'Can do' approach spurs Huawei's growth in Europe
Updated: 2012-11-30 02:26
By Cecily Liu in London (China Daily)
Speed of innovation is the key to Huawei Technologies Co Ltd's competitiveness in Europe, said Tim Watkins, the company's Western European vice-president.
"It's an approach that means Huawei never says 'it cannot be done'. We always say 'there is a way', no matter how difficult, no matter how many obstacles," Watkins said after the recent Economist Innovations Awards ceremony, which Huawei, China's largest telecommunications equipment maker, became the lead sponsor of last year.
"The key element of Huawei's innovation is to innovate with our customers. It's more effective to jointly innovate with our customers, rather than try to sell what you've innovated," he said.
One example he gave was Huawei's SingleRAN, a radio access network technology that allows mobile operators to support multiple mobile communications standards and wireless telephone services on a single network.
"We initially developed it mainly in conjunction with Vodafone. But it was so successful that it's now used by many operators pretty much everywhere in the world," Watkins said.
Huawei currently has almost 50 percent of its workforce dedicated to R&D and owns more than 18,000 patents, according to the company.
Watkins said that Huawei's emphasis on innovation is appropriate, particularly at a time when its price competitiveness is fast diminishing, as rival European telecommunications equipment makers are increasingly outsourcing production to China.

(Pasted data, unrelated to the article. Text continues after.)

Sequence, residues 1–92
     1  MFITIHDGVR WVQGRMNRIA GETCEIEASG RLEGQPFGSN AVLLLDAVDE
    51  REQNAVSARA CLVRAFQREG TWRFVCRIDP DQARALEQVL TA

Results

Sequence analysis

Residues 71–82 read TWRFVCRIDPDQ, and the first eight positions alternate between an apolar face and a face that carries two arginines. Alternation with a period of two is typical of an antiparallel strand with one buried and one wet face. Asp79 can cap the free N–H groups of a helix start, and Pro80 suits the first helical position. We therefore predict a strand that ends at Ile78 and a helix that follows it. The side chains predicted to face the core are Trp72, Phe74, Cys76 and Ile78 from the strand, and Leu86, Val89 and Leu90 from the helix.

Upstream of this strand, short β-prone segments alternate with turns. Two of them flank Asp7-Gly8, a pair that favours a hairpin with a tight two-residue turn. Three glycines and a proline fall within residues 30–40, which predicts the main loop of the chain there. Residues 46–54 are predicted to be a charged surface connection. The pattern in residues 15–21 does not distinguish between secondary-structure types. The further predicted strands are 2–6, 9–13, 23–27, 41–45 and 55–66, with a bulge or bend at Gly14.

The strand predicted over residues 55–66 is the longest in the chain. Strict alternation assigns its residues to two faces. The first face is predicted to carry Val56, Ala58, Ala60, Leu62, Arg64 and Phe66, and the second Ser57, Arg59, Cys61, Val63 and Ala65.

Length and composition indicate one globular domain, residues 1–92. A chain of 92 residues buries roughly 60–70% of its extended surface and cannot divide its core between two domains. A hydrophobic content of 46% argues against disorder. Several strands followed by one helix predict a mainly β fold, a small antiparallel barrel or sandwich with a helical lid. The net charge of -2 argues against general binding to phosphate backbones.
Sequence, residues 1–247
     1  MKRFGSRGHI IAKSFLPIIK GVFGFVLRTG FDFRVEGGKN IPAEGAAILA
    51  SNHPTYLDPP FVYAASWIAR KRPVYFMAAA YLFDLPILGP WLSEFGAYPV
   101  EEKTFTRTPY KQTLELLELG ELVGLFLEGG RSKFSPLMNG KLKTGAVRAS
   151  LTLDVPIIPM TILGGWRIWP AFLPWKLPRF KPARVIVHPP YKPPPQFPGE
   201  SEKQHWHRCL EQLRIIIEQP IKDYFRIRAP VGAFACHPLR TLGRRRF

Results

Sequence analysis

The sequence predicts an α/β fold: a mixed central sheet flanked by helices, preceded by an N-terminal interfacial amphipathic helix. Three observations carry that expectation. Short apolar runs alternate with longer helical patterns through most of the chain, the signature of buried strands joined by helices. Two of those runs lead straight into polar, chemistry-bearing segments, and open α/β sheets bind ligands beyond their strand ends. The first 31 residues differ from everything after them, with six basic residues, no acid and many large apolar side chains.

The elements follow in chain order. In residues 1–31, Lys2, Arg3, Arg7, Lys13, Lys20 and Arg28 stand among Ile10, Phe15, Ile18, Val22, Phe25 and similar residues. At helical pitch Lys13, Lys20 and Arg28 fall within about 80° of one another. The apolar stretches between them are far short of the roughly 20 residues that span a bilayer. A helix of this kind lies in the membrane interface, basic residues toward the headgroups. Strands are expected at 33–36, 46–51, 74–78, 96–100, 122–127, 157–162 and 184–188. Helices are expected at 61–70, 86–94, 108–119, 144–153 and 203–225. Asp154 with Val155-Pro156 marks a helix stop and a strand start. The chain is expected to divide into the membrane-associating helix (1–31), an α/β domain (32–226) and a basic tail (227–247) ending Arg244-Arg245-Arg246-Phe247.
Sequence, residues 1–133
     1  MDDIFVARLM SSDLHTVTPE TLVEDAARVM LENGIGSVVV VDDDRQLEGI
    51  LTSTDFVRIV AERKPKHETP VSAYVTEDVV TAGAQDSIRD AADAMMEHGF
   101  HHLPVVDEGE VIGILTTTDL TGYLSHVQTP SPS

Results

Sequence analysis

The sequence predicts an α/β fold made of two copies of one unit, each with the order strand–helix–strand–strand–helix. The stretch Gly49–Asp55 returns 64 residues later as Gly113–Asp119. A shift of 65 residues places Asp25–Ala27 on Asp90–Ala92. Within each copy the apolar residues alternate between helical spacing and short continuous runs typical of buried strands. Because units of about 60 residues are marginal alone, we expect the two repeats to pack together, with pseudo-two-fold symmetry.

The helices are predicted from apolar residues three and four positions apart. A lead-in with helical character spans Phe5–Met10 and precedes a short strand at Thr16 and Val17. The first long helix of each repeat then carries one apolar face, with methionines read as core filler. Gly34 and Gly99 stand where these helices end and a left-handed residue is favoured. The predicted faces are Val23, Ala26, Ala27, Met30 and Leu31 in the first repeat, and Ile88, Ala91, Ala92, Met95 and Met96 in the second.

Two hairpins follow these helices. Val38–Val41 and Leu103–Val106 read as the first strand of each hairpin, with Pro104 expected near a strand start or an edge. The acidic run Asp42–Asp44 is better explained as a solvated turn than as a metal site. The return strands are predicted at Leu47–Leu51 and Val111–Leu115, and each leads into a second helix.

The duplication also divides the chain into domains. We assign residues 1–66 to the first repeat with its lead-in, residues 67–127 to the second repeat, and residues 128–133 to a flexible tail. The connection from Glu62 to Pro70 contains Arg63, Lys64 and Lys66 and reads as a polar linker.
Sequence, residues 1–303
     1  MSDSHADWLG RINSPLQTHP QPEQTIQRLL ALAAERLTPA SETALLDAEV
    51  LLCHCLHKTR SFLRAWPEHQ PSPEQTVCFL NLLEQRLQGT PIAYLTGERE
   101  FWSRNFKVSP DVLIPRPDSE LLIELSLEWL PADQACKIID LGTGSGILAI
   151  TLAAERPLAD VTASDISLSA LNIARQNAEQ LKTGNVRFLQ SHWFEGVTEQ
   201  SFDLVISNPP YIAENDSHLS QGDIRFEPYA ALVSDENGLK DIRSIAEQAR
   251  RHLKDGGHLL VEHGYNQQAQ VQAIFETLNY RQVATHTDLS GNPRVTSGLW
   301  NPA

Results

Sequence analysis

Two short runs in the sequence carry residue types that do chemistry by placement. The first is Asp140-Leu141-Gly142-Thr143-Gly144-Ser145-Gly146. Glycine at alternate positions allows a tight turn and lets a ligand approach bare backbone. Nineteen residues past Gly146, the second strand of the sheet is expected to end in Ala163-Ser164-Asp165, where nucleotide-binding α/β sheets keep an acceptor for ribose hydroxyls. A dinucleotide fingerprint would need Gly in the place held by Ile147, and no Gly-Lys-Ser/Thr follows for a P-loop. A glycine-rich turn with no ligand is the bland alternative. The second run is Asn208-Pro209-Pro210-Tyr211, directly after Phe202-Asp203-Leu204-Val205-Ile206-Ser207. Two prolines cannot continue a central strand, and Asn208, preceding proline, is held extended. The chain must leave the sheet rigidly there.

Most of Huawei's products are manufactured in China and assembled in Hungary, where production costs are cheaper than in many other European countries. In 2011, Huawei Europe's sales revenue exceeded $3.75 billion, a year-on-year increase of 26 percent.
Watkins said he is positive about Huawei's growth prospects in Europe, despite reports last month that it was being investigated by the UK parliament's intelligence and security committee.
The committee was "reviewing the whole presence of Huawei in regard to (the country's) critical national infrastructure and whether that should give rise for concern", The Guardian reported, citing Malcolm Rifkind, the committee's chairman.
"It's not a new investigation, it's just an ongoing monitoring. It became a magnified issue because of the American situation. But actually, the outcome — and we know, because we talk to the government — is that there is no issue, and the government is not really concerned," he said.
Rifkind confirmed last month that his team had been investigating Huawei's relationship with BT Group Plc for some months and will report its findings to UK Prime Minister David Cameron before Christmas.
The news came weeks after the US House of Representatives' intelligence committee issued a report advising US companies to avoid doing business with China's two leading technology companies, Huawei and ZTE, because it claimed that they posed a threat to US national security.
But Watkins said the UK committee's checks on Huawei have been taking place for years on a regular basis and only made news due to the attention being paid to the company in the United States.
"So if the UK government is asked 'what are you doing', it could not say 'nothing'. It has to say 'of course, we continue to evaluate Huawei'," he said.
In response to the investigation, BT has said there is no need to change its relationship with Huawei despite the increased scrutiny.
"BT takes a risk-management approach on the use of components from Huawei and, like the UK government, we see no need to change our position following the US report," a company spokesperson said last month.
Huawei has faced questions regarding its background because its founder, Ren Zhengfei, once worked for the Chinese military.
Such accusations are repeatedly refuted by Huawei. "It is a misunderstanding. It is not linked to the government, it's a private company, and it takes time for people to overcome and realize it's a private company," said Watkins.
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